Learn more about what to consider before borrowing money.

Questions to ask lenders

Advantages and disadvantages of a home equity line of credit

Advantages of HELOCs include:

Disadvantages of HELOCs include:

These are some disadvantages of a HELOC that are common to other loans:

Understand your home equity line of credit contract

Shop around with different lenders to find a HELOC that suits your needs.

Each HELOC contract may have different terms and conditions. Review these carefully. Ask your lender about anything you don’t understand.

Interest rates

Home equity lines of credit can have different interest rates depending on how they’re set up.

They usually have a variable interest rate based on a lender’s prime interest rate. The lender’s prime interest rate is set by a financial institution as a starting rate for their variable loans, such as mortgages and lines of credit.

For example, a HELOC can have an interest rate of prime plus one percent. If the lender’s prime interest rate is 2.85%, then your HELOC would have an interest rate of 3.85% (2.85% + 1%).

You can try to negotiate interest rates with your lender. Lenders will consider:

Tell them about any offers you’ve received from other lenders.

Your lender can change these rates at any time. Your lender must give you notice if there’s a change. Any change in the prime lending rate will affect your HELOC’s interest rate and your payment amounts.

Make sure you only borrow money that you can pay back. This will help you manage a potential increase in interest rates.

Learn about protecting yourself against rising interest rates.


Fees may vary between home equity lines of credit.

Some common fees include:

Ask your lender about all the fees involved with your HELOC.

Make a plan to use your home equity line of credit

Establish a clear plan for how you'll use a HELOC. Consider a repayment schedule that includes more than just minimum monthly interest. Make a realistic budget for any projects you may want to do.

You may be able to borrow up to 65% of your home’s purchase price or market value on a HELOC. This doesn’t mean you have to borrow the entire amount. You may find it easier to manage your debt if you borrow less money.

Deciding on your credit limit

You can negotiate the credit limit of your HELOC. Lenders may approve you for a higher limit than you need. This can make it tempting to spend over your budget.

You can ask for a lower credit limit with your lender if it suits you better. This can keep you from borrowing more money than you need.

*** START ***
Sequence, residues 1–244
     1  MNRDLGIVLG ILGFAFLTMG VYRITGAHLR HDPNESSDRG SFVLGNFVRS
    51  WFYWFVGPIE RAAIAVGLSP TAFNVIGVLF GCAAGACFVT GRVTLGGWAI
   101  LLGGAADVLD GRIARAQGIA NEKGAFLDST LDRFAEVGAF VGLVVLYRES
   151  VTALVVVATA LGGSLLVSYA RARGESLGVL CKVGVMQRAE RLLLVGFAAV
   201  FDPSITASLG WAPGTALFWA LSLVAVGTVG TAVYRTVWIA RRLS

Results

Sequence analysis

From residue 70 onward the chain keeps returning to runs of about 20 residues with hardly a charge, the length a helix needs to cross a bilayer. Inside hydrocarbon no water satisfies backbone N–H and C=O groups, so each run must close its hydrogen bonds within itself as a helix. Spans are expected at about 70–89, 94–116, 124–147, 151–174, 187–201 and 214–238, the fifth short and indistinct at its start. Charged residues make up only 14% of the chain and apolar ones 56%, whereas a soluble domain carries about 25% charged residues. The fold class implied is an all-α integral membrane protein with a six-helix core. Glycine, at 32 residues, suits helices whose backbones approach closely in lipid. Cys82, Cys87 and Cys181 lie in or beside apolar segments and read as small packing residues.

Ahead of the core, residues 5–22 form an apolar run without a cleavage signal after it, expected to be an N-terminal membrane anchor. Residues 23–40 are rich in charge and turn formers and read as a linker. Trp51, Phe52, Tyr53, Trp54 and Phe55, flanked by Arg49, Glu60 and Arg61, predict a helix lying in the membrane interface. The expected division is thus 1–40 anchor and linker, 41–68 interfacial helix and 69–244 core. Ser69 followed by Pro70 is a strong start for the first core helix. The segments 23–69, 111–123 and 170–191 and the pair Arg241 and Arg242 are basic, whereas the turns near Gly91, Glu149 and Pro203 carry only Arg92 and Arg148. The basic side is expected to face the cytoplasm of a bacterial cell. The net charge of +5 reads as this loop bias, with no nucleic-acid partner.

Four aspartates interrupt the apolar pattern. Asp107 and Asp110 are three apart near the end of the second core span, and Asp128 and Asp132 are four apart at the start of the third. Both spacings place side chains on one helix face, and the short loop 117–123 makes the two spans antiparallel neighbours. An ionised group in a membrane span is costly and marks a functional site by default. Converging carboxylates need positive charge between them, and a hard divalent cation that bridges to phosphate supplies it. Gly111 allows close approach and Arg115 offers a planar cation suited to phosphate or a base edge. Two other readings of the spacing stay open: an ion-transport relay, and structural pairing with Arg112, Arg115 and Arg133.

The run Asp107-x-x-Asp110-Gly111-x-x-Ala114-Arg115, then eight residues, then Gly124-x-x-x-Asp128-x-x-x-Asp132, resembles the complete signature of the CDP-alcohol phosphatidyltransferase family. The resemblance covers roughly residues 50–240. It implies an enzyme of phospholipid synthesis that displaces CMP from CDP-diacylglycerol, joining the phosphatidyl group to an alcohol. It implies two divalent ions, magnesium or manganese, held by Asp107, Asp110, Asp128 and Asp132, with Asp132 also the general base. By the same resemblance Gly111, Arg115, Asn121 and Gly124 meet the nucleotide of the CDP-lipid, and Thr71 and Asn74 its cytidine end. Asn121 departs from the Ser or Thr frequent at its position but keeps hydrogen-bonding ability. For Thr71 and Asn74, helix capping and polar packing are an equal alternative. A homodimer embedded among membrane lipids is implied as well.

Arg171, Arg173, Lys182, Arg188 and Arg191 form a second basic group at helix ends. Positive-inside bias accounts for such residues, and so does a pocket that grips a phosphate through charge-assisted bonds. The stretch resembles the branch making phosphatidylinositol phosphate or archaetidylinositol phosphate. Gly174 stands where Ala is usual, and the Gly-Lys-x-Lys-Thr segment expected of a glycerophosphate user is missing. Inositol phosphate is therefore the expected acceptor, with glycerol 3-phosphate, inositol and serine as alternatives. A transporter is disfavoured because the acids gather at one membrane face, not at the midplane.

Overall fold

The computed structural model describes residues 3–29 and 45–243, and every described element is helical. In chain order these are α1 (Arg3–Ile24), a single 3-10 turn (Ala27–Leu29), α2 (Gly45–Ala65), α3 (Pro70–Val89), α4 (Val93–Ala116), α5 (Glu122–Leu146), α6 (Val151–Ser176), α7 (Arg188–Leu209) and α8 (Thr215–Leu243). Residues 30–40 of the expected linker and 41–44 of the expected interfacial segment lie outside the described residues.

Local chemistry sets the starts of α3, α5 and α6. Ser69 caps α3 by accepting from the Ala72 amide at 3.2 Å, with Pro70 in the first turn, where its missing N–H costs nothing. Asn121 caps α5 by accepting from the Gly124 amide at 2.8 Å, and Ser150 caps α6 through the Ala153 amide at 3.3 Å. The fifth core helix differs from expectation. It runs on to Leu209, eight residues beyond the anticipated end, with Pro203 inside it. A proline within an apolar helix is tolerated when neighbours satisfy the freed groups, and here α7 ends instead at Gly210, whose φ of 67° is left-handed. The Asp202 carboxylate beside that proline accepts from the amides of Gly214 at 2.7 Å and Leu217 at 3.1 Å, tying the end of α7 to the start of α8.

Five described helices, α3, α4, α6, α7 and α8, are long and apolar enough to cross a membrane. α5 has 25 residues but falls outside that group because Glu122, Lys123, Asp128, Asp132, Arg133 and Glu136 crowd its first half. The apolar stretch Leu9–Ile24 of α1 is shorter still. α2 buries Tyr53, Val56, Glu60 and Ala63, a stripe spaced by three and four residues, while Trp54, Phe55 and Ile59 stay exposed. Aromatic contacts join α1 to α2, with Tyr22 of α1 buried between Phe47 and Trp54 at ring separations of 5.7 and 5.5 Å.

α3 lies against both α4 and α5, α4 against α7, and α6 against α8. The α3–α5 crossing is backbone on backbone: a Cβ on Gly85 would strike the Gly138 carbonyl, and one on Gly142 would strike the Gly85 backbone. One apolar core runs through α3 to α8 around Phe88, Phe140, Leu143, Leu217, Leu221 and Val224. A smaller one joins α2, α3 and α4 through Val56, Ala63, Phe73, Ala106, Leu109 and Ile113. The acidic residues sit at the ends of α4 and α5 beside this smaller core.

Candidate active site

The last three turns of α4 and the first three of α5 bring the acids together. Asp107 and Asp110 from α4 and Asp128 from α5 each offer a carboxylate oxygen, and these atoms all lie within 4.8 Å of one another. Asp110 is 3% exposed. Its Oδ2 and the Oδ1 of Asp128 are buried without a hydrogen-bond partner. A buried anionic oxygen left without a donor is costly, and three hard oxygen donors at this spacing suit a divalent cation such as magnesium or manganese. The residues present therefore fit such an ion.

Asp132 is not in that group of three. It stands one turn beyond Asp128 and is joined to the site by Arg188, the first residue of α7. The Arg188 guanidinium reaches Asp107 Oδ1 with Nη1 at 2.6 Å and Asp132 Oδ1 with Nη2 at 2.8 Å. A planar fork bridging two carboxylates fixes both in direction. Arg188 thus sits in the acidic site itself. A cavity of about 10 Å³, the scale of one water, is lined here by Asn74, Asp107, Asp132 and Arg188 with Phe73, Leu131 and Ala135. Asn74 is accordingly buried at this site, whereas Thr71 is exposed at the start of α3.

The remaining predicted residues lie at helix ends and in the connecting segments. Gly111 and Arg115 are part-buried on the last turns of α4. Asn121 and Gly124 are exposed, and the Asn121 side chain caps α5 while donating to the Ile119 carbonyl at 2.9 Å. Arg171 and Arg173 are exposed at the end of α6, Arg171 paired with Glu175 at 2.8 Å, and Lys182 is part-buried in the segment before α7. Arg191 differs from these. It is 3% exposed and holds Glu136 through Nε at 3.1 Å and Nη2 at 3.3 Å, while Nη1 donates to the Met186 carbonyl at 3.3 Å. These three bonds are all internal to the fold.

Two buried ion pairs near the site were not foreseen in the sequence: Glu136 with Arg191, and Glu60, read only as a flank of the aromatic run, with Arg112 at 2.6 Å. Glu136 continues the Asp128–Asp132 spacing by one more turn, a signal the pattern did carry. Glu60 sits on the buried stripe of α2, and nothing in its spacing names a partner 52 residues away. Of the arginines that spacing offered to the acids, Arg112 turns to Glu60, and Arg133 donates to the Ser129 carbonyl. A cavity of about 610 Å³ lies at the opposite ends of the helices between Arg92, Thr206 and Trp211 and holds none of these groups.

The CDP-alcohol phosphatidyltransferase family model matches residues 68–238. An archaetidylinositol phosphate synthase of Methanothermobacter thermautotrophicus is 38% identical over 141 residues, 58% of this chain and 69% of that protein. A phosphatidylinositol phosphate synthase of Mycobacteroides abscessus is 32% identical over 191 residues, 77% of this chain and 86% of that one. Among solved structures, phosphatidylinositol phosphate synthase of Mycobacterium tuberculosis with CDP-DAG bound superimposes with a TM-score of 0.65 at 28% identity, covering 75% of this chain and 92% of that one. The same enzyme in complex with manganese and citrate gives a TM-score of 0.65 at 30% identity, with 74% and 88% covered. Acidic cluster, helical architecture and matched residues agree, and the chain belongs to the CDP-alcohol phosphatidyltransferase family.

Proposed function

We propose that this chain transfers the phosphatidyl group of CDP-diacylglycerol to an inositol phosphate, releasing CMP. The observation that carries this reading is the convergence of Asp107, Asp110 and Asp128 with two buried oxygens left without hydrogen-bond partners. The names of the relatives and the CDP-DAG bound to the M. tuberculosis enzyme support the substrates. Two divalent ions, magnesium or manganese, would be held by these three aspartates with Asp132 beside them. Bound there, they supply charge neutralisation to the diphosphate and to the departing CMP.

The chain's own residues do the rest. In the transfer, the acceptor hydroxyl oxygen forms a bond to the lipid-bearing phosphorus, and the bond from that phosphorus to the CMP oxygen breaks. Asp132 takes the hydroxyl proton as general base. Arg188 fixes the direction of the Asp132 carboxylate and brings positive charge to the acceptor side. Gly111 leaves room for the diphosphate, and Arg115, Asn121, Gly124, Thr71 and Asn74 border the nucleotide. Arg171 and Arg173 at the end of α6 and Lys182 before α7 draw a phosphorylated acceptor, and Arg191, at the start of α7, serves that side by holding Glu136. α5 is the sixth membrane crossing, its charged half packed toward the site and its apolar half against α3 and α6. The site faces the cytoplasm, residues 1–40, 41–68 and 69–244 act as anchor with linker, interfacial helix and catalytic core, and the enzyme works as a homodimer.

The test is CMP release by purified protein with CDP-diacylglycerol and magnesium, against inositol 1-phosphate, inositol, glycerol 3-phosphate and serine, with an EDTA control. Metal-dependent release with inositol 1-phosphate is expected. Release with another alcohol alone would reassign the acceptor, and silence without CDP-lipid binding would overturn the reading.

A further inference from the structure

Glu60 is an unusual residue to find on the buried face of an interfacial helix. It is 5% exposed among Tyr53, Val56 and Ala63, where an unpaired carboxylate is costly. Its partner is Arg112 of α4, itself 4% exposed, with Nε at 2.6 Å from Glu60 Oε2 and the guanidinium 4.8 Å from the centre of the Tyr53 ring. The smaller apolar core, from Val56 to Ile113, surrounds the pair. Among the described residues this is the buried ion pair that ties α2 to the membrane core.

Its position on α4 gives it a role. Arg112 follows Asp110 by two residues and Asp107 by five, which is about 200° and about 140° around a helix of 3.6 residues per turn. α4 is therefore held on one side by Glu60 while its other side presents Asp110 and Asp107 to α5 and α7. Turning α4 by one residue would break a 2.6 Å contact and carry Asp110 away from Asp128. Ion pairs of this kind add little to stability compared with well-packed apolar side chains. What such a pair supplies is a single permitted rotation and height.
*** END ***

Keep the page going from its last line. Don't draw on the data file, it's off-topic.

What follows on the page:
Getting electronic alerts from your financial institution

Your financial institution may send you an electronic alert when the credit available on your line of credit falls below a certain amount.

These alerts may help you manage your day-to-day finances and avoid fees.

Learn more about these electronic alerts.

Managing unexpected expenses

Using a HELOC to manage unexpected expenses or emergencies, such as a job loss, means you’re borrowing money to pay for your living expenses. If you borrow money to cover your monthly bills for an extended period of time, you may take on more debt than you’re able to pay back.

Be aware of the risks before you use a HELOC for unexpected expenses.

Find out how to create an emergency fund.

Consolidating debt

You may consider using a HELOC to consolidate high-interest debt, such as credit cards. A lower interest rate may help you manage your debt, but remember, it can’t solve the cause of your debt. You may need to take steps to address how you spend money.

A key step in paying off debt is to establish a payment plan. One way to do this is to convert a portion of your HELOC into debt with fixed repayment amounts, much like a mortgage loan.

This way you can get into a habit of making regular payments. The interest rate and terms of the debt can be different from that of the HELOC. Ask your lender for more information about this option.

Making a budget can also be a helpful way to manage debt. You can make adjustments to your spending as you pay off your debt.

Make a plan to manage your debt.

Using home equity lines of credit to invest

Some people borrow money from a HELOC to put into investments. Before investing this way, determine if you can tolerate the amount of risk.

The risks could include a rise in interest rates on your HELOC and a decline in your investments. This could put pressure on your ability to repay the money you borrowed.

Get money from your home equity line of credit

Your lender may give you a card to access the money in your HELOC. You can use this access card to make purchases, get cash from ATMs and do online banking. You may also be given cheques.

These access cards don't work like a credit card. Interest is calculated daily on your HELOC withdrawals and purchases.

Your lender may issue you a credit card as a sub-account of your HELOC combined with a mortgage. These credit cards may have a higher interest rate than your HELOC but a lower interest rate than most credit cards.

Ask your lender for more details about how you can access your HELOC.

Transfer your home equity line of credit

When your mortgage comes up for renewal, you may consider transferring your mortgage and HELOC. You’ll likely have to pay legal, administrative, discharge and registration costs as part of the switch.

You may also be required to pay off all other forms of credit, such as credit cards, that may be included within a HELOC combined with a mortgage.

You may be able to negotiate with a lender to cover some costs to transfer any credit products you may have. This can be difficult if you have different sub-accounts within your HELOC combined with a mortgage that have different maturity dates.

Ask your lender what transfer fees apply.

Learn more about changing lenders when you have a collateral charge.

Cancel your home equity line of credit

You must pay off your HELOC before you can cancel it. You can usually cancel within 10 days if you provide written notice.

Check your terms and conditions for more information about cancelling.